The Savant by Kade Hornbuckle

In a dreary little pub overlooking a fjord sat two men sharing fine Darjeeling.  Daniel the younger and shorter of the two, forever wore an apathetic look on his pallid face.  His constant companion Arve was in comparison considerably taller.  With emerald eyes set under eyebrows resembling thistles, and an offset nose that had never been properly reset after being broken, this vagabond could not look more different then his clean shaven counterpart.   They were regulars here at the Trommehinne, and Raul, the pub’s master, had just recently accustomed himself on how to correctly heat the bottle of Republic Darjeeling Black they brought with them each night.  Other than drinking something not featured on Raul’s menu, the duo completely blended into the scene of wispy smoke.  They would continue this façade of being plebeian until the haggard grandfather clock struck nine with its single arm.  Then Arve would escort his tea-shaded companion and the warmed bottle of Darjeeling to the old grand.

As Daniel traced his fingers across the aged ivory, playing mute concertos, his once timid accomplice would suddenly boom his voice so that the entire pub might hear.  “Now, ladies and gents, you are all in luck for tonight; you all have the esteemed honor of witnessing my dear friend grace these battered keys with style and soul.  Name any tune, no matter how layered and complex, and if he has heard it even but once he shall recreate it.  I must assure you fine a person that not only is this man a human jukebox; he will perform these songs better than previously heard!”  Every night it took no less than this enticing exclamation to hook the audience in, tonight there where calls for “Beethoven’s 5th”,”Piano Man”,” any of the seasons from Vivaldi’s four part masterpiece”, and finally “Good Golly Miss Molly”.  Then with gusto to match that of Little Richard and perfect pitch, Daniel’s voice resonated out “Good Golly Miss Molly, sure like to ball.  When you’re rocking and rolling, can you hear your mama call.”  Then with a final repeat of the chorus he broke into an impromptu jam incorporating “Flight of the Bumblebee”, and Stevie Wonder’s “Superstition”, which successfully stunned and awed his audience.  Most people where oblivious of the fact that the man sitting on that wobbly piano stool was blind, even fewer knew that Arve was almost legally deaf.  Having only the capability of hearing lower bass register he heard about a third of what Daniel played.  This didn’t matter though because Arve’s gift lay in reading lips and people, knowing just how to smith words together to sell to them.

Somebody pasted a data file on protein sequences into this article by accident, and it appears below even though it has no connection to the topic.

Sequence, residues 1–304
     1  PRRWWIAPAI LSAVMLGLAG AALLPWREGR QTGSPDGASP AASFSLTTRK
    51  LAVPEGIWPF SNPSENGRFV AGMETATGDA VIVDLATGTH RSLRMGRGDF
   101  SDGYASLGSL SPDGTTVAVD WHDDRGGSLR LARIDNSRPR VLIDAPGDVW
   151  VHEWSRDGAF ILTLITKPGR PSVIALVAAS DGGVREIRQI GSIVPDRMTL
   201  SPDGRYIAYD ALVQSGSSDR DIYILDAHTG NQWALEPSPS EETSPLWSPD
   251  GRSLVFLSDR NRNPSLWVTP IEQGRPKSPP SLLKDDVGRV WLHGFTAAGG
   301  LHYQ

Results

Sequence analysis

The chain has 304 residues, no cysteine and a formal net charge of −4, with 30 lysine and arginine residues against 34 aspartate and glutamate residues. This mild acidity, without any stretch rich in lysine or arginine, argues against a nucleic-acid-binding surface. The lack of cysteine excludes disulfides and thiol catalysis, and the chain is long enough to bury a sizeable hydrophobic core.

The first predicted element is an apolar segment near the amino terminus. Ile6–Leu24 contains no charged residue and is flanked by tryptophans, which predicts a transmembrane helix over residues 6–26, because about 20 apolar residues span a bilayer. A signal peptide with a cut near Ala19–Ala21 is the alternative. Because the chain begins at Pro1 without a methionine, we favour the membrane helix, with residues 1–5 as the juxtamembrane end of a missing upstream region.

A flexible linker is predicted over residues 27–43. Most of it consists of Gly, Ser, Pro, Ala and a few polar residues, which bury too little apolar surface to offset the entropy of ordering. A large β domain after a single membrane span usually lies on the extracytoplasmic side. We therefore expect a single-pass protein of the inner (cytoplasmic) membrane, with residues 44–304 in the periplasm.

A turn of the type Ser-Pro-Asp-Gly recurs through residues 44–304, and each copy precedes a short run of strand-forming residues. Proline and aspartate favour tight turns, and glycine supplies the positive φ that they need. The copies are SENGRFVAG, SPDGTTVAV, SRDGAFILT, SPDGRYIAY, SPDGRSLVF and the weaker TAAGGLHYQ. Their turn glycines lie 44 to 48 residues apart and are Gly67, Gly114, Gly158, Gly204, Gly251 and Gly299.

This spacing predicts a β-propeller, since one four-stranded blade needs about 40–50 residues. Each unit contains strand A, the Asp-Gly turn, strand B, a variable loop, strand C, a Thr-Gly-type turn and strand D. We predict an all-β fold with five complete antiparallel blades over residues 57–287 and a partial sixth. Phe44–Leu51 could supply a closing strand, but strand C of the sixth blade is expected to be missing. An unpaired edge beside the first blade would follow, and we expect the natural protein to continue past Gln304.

Throughout the night Daniel continued to challenge people’s familiarity with their favorite songs, using crescendos and tempo changes like a well placed diversion.  His choice to use simple techniques restored vigor to even the most dated of ballads.  At any given point in a movement he would go from gingerly pressing keys to their adjacent string, to drastically striking away making the piano strings vibrate more furiously.  These less than subtle changes bring the pings and pangs of discords born from clunked notes.  The crowd remained completely enthralled with this rare glimpse of savantism, while he relished in doing what genetics had designed him to do.  Arve, who had long since taken the roles of announcer and manager occasionally qualified as a numismatist as well.  In circumstances such as these Arve would set his tattered fedora down in hopes that kroners would soon begin to fill the space his head had just been occupying.  To better understand the depths of talent coming from the enigma people simply knew as Daniel, and how he came to meet Arve one would have to start at the beginning, as with all stories worth repeating.